6 04 HERBERT SMITH FREEHILLS Preface This is the first Annual Review produced by the newly merged Herbert Smith Freehills firm and we hope you enjoy the new format. So far as content is concerned, it remains a collection of our e-bulletins, briefings and notes produced over the last twelve months on key decisions of relevance to our clients and contacts with an interest in insurance and reinsurance law and practice. Once again the courts have been grappling with claims arising from mesothelioma. The Supreme Court decision in the EL Trigger Litigation finally provides welcome clarity on the question of when cover under an EL policy is triggered and there is now in place a legal framework for the bringing of claims by mesothelioma victims against their employers and for the transmission of that liability to the employers EL insurers. It remains to be seen whether the position under PL policies and, in particular, the Bolton decision becomes the next focus of attention. Looking forward to 2013, of key interest for the insurance industry and businesses, will be the work of the Law Commissions who, in their review of insurance contract law, look to produce a final report and draft bill on business insurance at the end of the year. Whilst the indication from the Law Commissions is that there will not be quite as extensive reform as first proposed by them, the reforms will still be significant particularly in relation to the duty of good faith and warranties. Indications at the time of going to press are that there is significant industry backing for the proposals. This makes use of the uncontroversial bills procedure possible, with a good prospect of reforms being enacted in 2015 or We hope that you find the Annual Review of interest. Should you need any further hard copies (soft copies are available on the Herbert Smith Freehills website) then please contact any member of the insurance and reinsurance disputes team. David Reston Reinsurance law is, again, bereft of key decisions with the market preference remaining for disputes to be decided by arbitration. However, the Faraday litigation (which essentially arose because of the difference in approach between English and American courts on the question of liability of insurers to respond to asbestos claims) emphasises the continuing willingness of the English courts to retain jurisdiction over disputes in relation to the construction of policies written in the London market and governed by English law. Considerable progress has been made during 2012 towards establishing a new framework for financial services regulation in the UK. This makes the Prudential Regulation Authority (PRA) and the Financial Conduct Authority (FCA) responsible for authorising and supervising firms, in place of the FSA. The new structure will take effect from 1 April 2013 leaving much to be done over the next few months. By way of contrast, delays in finalising key changes to the Solvency II Directive mean that the regime is now not expected to come into force until 2015, at the earliest; a 2016 start date is also widely predicted. Despite this, Solvency II developments remained of critical importance to insurers and reinsurers during 2012, including the FSA s second consultation on implementation of the new regime. Other European initiatives launched in 2012 that are relevant to the distribution of insurance products are the proposed revision of the Insurance Mediation Directive (known as IMD2 ) and proposals in relation to Packaged Retail Investment Products (PRIPs).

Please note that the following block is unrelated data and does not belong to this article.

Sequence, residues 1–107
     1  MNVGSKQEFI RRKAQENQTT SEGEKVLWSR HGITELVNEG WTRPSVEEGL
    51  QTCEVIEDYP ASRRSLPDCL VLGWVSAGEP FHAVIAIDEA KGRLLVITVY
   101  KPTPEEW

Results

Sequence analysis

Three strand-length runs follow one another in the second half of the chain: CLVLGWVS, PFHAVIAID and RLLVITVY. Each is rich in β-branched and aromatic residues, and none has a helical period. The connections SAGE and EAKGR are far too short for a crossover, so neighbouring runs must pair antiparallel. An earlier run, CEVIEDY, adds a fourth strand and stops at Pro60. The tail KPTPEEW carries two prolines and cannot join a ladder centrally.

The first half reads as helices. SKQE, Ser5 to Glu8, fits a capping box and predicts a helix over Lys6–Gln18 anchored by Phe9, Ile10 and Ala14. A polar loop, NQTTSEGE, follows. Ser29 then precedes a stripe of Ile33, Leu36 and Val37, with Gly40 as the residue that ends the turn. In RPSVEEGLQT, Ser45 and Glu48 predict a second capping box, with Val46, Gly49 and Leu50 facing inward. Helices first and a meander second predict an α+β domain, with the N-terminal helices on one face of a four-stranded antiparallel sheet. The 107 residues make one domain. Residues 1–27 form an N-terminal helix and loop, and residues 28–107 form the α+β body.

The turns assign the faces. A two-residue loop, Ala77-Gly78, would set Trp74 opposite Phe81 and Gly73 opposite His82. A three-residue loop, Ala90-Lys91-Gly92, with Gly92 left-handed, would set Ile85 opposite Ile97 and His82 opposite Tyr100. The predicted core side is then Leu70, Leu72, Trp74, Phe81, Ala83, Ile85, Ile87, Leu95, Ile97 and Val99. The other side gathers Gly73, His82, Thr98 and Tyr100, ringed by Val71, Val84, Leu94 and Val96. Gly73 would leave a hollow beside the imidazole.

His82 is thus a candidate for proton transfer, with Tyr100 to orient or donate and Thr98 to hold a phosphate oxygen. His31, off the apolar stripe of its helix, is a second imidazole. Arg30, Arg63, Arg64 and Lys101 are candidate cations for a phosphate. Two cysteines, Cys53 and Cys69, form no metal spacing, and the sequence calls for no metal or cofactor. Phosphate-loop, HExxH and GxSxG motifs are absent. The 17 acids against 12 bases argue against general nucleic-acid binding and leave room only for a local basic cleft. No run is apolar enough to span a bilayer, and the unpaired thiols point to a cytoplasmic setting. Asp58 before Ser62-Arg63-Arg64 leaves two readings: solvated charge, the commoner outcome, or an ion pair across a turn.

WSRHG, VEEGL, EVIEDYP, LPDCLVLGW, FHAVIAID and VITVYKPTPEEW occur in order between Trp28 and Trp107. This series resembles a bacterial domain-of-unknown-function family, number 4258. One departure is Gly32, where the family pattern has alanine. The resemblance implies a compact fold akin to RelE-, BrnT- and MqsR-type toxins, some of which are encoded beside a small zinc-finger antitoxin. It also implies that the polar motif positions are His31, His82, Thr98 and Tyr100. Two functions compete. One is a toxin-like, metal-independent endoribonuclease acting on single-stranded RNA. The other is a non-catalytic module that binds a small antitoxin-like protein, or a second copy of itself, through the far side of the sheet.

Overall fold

7 HERBERT SMITH FREEHILLS Insurance and Reinsurance 05 Apportionment of liability for mesothelioma claims under employers' liability policies Mr Justice Cooke's judgment in International Energy Group Limited v Zurich Insurance PLC UK, although governed by Guernsey law, has implications for the apportionment of liability for mesothelioma claims under employers' liability ("EL") policies as a matter of English law. Case reference and judgment date International Energy Group Limited v Zurich Insurance Plc UK [2012] EWHC 69 (Comm) 24 January 2012 Insurance and Reinsurance Background The Claimant was responsible for all of the liabilities of Guernsey Gas Light Company Ltd (referred to collectively below as the "insured"). It sought an indemnity under EL policies issued by Midland Assurance Ltd, whose liabilities had been succeeded to by Zurich (the "insurer") covering a 6 year period from 31 December 1982 to 31 December The insured employed Mr Carré for 27 years from 13 November 1961 to 31 December Throughout the entire 27 year period of employment (which included the 6 year policy period) Mr Carré was negligently exposed to asbestos by the insured. He subsequently contracted and died of mesothelioma. Mr Carré's claim was settled by the insured who then sought to recover the settlement sum and its own costs from the insurer. The insured's aggregate outlay totalled 278, The sole issue in dispute was whether the insured was entitled to an indemnity from the insurer amounting to the entirety of its outlay ( 278,451.60) or whether it was only entitled to a proportion of this sum, corresponding to the proportion which the insurer's 6 year policy period bore to the full 27 year period of Mr Carré's exposure to asbestos by the insured. The insured's liability to Mr Carré was governed by the law of Guernsey where the UK Compensation Act 2006 (the "Compensation Act") did not apply. The insurer argued that this was crucial, since the effect of the Compensation Act was to reverse the decision of the House of Lords in Barker v Corus UK Ltd, with the result that the position in Guernsey was governed by the decision in Barker. Decision In reaching his decision that the liability of the insurer was to be assessed on the basis of its responsibility for the insured's loss on a "time on risk" basis, Cooke J analysed the rulings in Fairchild v Glenhaven Funeral Services Ltd and Barker and considered the impact of the Compensation Act. In Fairchild the House of Lords held that an individual who had been negligently exposed to asbestos by an employer should be able to recover in full from that employer, irrespective of his inability to show that his mesothelioma was caused during the relevant period of employment. Liability was imposed on the basis that the employer in question had negligently exposed its employee to asbestos and to the risk of contracting mesothelioma and this was regarded as a sufficient degree of causal connection between the breach of duty and the damage to give rise to tortious liability. The majority of the House of Lords in Barker made clear that the ruling in Fairchild should be regarded as creating a new form of special tortious liability in relation to mesothelioma, namely the creation of a material risk of mesothelioma (as opposed to liability for causing the disease). On this basis, the House held that each tortious exposure which gave rise to a material increase in the risk of contracting mesothelioma generated a several liability for a proportion of the full compensation. The House was of the view that the most practicable apportionment would be based on the length of exposure for which each defendant was responsible, but that allowance would also be made for the intensity of exposure and type of asbestos. In the present case, it was accepted that there was uniformity of exposure throughout the whole period of Mr Carré's employment. The common law position as to the apportionment of damage, established in Barker, was reversed by section 3 of the Compensation Act. Section 3 provides that, where there are two or more employers who are liable in tort for a victim contracting mesothelioma as a result of negligently exposing them to asbestos, they will be jointly and severally liable to make full compensation to the victim. However, in view of the fact that the Compensation Act is inapplicable to Guernsey, it was the common law principles derived from the cases referred to above that had to be applied. On this basis, Cooke J found that the liability of the insured to Mr Carré incurred in any policy year was a proportionate share of the total damages suffered by reference to the relevant time of exposure during the policy year compared with the total exposure during the period of employment. Accordingly, Cooke J ruled that the insurer was only liable for the insured's loss on a "time on risk" basis. Comment In circumstances where the Compensation Act does not apply, the common law position expressed in Barker prevails with the result that an insurer's liability may be limited to its proportionate share of the insured employer's total liability, based on time on risk. Cooke J acknowledged that the result was unfortunate from a victim's perspective, not least in cases where the employer is insolvent, since the victim's recovery from any insurer under the Third Parties (Rights against Insurers) Act 1930 would be limited to the insurer's proportionate share. The question arises, however, as to how the case would have been decided had the liabilities been governed by English law (to which the Compensation Act applies) and, more specifically, whether the insured would have been entitled to recover its entire liability under any particular year or years of its EL cover. Cooke J's obiter comments